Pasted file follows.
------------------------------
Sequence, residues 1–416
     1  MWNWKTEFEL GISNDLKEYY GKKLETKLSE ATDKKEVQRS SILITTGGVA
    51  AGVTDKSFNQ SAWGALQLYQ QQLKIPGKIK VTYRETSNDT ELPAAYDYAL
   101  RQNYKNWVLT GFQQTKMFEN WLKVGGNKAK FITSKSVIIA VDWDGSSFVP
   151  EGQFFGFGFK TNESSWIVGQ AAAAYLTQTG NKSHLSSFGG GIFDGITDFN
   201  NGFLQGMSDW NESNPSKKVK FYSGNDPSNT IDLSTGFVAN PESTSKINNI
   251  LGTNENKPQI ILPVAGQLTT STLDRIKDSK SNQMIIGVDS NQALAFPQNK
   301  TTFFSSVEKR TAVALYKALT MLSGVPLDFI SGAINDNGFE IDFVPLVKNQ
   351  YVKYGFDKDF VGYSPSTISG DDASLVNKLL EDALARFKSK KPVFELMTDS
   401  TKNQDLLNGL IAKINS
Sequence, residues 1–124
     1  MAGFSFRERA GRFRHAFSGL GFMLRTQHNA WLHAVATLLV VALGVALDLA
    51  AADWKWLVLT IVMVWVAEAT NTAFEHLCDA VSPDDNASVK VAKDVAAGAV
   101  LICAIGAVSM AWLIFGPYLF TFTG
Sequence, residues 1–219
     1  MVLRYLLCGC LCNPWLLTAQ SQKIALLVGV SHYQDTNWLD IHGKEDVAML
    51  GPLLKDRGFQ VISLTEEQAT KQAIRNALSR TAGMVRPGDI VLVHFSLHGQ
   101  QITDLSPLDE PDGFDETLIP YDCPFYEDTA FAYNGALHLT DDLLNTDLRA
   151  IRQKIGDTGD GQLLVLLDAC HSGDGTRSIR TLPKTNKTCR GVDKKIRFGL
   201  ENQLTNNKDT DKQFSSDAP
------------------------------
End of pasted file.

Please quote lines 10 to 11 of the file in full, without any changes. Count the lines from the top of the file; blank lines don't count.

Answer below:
   401  TKNQDLLNGL IAKINS
Sequence, residues 1–124